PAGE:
After months of mounting suspensions at Highland’s middle school and high school due to students vaping, the school board got a better look at how and where it’s occurring from the student resource officer who’s cracking down on the bad habit.
Officer Chris Flake and Highland High School Principal Chris Becker spoke at a recent school board meeting about the mounting vaping problem at schools in Highland, the Metro East and nationwide. Flake, who is an officer with the Highland Police Department and a resource officer at the school district, led the conversation.
Vapes, or e-cigarettes, are electronic devices used to inhale aerosol or “vapors.” The devices hit the market in 2007 and have grown in popularity every year since.
In the past year at Highland High School, 46 students in total have been disciplined in some form for vaping, up from 33 in March. Forty-one of those students were given a citation from the city, which can come with a fine of roughly $150. That’s on top of several days of suspension.
Becker said compared to many surrounding area school districts, that number isn’t as bad as it could be. But the dangers and possible addiction that comes with vaping are still cause for concern.
Flake brought in more than six types of vapes students have been caught using in schools. The vape sizes varied and some even are equipped with USB ports for charging. He said size can matter when it comes to vapes — the smaller they are, the easier they are to hide.
Day-to-day, Flake said, he works with administrators and teachers to catch and prevent students’ vape usage. He said talking to students and holding assemblies is a major part the school’s prevention plan, but another major part is seeking out students who are using the smoking devices.
Most vaping in schools takes place between class periods in restrooms, where administrators and teachers are trying to make themselves more present. However, Flake said, it happens in the locker rooms too and in some cases, even in class.
Flake said it doesn’t take much to vape inside the classroom since teachers are typically distracted at some point during the lesson. He also demonstrated how easy it can be to hide a smaller vape by placing it under his watch, hidden by his sleeve.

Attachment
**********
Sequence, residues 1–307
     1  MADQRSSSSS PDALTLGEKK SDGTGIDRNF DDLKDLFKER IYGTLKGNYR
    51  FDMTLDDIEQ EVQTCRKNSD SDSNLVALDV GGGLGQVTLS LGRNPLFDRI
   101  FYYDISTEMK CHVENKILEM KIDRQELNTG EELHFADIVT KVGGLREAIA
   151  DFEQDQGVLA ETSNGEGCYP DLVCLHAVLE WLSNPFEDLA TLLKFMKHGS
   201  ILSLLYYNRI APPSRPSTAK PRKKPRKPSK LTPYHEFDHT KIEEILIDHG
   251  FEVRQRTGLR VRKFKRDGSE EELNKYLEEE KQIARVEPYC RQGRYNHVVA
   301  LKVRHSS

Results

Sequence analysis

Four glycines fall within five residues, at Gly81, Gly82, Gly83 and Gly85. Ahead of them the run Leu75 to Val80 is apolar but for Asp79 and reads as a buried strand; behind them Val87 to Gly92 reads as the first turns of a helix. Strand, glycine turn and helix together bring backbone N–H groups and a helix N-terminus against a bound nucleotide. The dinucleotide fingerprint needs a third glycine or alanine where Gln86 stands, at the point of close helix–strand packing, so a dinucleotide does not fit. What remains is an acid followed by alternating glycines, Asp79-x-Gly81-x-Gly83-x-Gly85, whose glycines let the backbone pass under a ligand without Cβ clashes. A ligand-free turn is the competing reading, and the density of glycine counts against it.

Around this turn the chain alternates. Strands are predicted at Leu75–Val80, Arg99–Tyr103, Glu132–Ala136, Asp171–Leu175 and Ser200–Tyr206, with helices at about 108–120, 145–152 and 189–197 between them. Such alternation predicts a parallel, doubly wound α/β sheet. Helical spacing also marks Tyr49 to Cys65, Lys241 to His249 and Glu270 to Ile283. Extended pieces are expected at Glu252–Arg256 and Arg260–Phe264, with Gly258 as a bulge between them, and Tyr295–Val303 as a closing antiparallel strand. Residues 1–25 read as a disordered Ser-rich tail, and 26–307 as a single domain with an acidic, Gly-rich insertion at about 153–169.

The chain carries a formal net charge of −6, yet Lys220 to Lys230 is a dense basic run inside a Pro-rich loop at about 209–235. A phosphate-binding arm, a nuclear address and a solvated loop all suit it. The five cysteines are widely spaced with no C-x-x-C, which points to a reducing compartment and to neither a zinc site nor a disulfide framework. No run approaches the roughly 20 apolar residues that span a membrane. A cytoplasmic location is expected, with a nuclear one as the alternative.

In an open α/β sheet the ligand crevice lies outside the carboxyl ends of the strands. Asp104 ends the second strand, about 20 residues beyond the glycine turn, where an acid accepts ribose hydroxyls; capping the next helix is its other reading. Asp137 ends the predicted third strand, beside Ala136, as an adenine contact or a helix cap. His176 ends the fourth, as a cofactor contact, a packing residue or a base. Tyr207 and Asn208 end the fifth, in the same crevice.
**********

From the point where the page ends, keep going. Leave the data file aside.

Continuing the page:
In 2018, the percentage of 12th grade students who reported vaping nicotine in the past 30 days nearly doubled from 11 percent to 21 percent, according to a University of Michigan Monitoring the Future study. The increase was twice as large as the previous record for largest-ever increase in addictive substance use from 12th graders.
The Monitoring the Future study found there were at least 1.3 million additional adolescent vapers in 2018 compared to 2017, setting the record of the biggest spike in an adolescent addiction in the study’s 44-year span.
That’s reflective of what’s happening in Highland. Becker said addiction is a major concern. He said many students don’t understand how addictive nicotine can be when they start to vape and often don’t realize that it’s dangerous.
In addition to the possible health issues vaping can bring, long-term addiction is proving to be a new challenge for educators. According to Yale Medicine, most teens who vape aren’t aware that vaping can be addictive.
The news isn’t all doom and gloom though, Flake said. One improvement he’s seeing at the middle school are students letting administrators and teachers know when a classmate is vaping. He said they often report because they’re worried about other student’s health. He said that’s a direct result of talking to students about vaping and increasing their awareness.
Becker said all in all, at the high school and middle school, awareness is improving. Each day brings a challenge, however.
“We feel like we’re making positive efforts,” Becker said. “But it is something we’re constantly dealing with.”